“Mahlzeit!” (It’s Austria’s equivalent of Bon Appetit.)
An array of obligatory mountain fare of cheese, salami and cake awaited, as well as some savoury pasta dishes. 
“Alles gute!” one of the volunteer girls cried. “All the best.” 
Refuelled on fresh fruit and cake I headed out into the race once again. A short climb led us to an enjoyable meandering descent down steep and narrow trails that thanks to recent rainfall were soft and muddy like familiar peaty fells. 
This led to the course’s second major ascent, a climb of almost 600m. I dropped down a gear from trot to march and settled in for the climb. Having spent much of the winter ski-mountaineering, I put my poles and arm strength to good use and found myself powering ahead, passing other runners without too much stress.
From the rocky col, the course then offered up some of the most technical and enjoyable running of the entire race, with one highlight being a massive glissade down a snow slope. Skiing ability and poles definitely an advantage. 

Tarquin GGUT

At 2,000m we levelled out and ran for almost 10km, undulating beside the enormous Mooserboden reservoir before crossing the equally impressive Mooser dam which is almost 500m wide and 100m high. By now my legs were complaining. The knee issue, whether it was my IT band, my 41 years, the wrong training I’m not sure, but whatever it was – it felt like I had a vice clamped to my knee and with each step it was getting tighter. I watched as those runners I’d overtaken an hour previously sauntered past.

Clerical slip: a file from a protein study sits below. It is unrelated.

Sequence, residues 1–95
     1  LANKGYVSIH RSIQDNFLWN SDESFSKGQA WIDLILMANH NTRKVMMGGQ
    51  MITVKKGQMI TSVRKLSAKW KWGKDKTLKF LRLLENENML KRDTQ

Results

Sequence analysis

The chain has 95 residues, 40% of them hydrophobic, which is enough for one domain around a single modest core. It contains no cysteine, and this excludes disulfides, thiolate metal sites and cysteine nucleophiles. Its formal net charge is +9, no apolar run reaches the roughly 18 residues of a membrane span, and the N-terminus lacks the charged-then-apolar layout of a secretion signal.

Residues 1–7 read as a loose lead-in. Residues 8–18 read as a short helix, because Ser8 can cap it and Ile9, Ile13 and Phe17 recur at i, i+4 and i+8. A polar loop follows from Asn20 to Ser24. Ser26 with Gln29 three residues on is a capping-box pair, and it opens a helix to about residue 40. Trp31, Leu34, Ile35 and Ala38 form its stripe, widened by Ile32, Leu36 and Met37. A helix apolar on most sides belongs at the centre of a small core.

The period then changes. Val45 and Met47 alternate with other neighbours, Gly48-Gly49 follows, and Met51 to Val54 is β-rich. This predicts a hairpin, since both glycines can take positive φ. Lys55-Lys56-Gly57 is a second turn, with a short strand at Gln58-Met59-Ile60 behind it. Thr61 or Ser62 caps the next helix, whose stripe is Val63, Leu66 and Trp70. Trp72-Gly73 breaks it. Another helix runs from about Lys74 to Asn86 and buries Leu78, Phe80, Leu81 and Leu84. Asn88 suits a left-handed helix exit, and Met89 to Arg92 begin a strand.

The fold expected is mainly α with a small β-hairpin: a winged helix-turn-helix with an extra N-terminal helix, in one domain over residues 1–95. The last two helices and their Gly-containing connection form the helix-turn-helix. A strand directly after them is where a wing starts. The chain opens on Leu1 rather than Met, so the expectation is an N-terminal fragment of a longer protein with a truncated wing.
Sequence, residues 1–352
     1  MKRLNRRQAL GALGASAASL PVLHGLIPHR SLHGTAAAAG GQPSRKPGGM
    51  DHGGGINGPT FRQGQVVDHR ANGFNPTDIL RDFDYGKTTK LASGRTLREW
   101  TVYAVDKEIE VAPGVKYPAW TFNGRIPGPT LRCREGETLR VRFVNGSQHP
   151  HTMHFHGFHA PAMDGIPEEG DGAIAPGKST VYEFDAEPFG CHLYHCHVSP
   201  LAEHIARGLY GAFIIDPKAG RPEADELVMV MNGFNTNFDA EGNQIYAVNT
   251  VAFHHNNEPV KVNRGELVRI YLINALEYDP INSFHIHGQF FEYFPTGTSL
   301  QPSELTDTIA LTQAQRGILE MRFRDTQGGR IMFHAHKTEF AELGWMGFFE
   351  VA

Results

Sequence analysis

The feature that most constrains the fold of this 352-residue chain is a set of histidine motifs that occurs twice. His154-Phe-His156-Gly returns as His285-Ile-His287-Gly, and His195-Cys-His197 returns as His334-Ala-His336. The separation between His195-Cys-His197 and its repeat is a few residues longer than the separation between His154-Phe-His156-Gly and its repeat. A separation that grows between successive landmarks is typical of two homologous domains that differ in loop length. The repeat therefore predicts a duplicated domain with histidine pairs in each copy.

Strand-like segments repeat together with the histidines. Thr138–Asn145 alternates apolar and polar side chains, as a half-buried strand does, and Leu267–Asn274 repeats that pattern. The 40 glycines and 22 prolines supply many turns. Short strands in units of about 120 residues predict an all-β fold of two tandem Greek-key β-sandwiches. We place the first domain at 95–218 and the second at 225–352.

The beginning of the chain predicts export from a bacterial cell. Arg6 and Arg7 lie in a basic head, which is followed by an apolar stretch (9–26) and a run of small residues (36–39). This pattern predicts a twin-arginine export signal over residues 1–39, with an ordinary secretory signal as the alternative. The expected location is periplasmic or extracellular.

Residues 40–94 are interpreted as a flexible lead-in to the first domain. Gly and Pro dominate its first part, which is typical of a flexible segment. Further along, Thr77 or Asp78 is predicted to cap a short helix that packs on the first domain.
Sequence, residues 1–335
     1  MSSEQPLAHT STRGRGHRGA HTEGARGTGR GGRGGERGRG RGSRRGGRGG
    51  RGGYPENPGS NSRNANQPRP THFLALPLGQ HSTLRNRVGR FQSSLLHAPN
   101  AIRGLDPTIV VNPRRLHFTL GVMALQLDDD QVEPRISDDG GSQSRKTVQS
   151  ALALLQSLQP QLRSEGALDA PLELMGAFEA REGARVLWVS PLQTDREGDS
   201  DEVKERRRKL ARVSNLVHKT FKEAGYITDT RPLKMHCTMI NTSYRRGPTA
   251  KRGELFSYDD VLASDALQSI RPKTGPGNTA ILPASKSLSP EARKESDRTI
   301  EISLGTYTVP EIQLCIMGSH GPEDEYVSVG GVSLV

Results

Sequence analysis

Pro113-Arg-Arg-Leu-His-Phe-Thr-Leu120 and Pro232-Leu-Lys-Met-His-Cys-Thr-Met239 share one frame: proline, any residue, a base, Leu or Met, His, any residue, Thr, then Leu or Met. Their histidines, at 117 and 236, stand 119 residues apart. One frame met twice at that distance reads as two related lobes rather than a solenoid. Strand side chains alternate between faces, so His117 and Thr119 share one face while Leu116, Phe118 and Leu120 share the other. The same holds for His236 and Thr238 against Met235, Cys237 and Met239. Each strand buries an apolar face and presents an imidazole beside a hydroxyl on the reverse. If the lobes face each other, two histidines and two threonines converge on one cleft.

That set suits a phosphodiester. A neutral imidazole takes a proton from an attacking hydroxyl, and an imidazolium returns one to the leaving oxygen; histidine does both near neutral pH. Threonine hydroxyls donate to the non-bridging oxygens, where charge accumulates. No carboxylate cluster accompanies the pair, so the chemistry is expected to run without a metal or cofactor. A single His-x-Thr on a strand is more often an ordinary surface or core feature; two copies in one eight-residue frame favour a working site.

Fortunately, the next aid station was just around the corner and I was able to stop and stretch it out a little. But pain mostly comes in waves; it ebbs and flows and sometimes even goes away. With micro adjustments to my running style, I found a way to carry on.
The last stage, a 1,250m descent to Kaprun still held some technical surprises including precipitous traverses on wet rock that required holding onto steel cables above the Wasserfallboden reservoir, pitch black tunnels and endless switchbacks through a forest that went on forever. It’s a rule with ultras that last few kilometres always pass the slowest and I congratulated myself if I could maintain the dizzying pace of 6’30m/km along the flat. 
Eventually, I passed under that magical arch, finishing in 7h 24m, 25th in my category, 81st male overall. This being Austria, I was given a beer at the finish, a special isotonic one. Shortly afterwards, Gerald Fister and Florian Grasel crossed the line together to claim joint first in the 110km course in the time of 15h 13m 36s to big applause, continuing a tradition as last year’s winners also crossed the line together.

collage GGUT

Images copyright Stephan Repke

First in the 50k course was Markus Stock 4h 48m 21s. Grinius came second in 4m 50 23s, later telling me on the Compex recovery bed next to mine that he really enjoyed the route and would be back for the 110k race next year. “It’s really the kind of running I like,” he said. 
GGUT may not have the cult status of UTMB but it has all the ingredients to become a real gem of a classic – and one of Europe’s top ultras.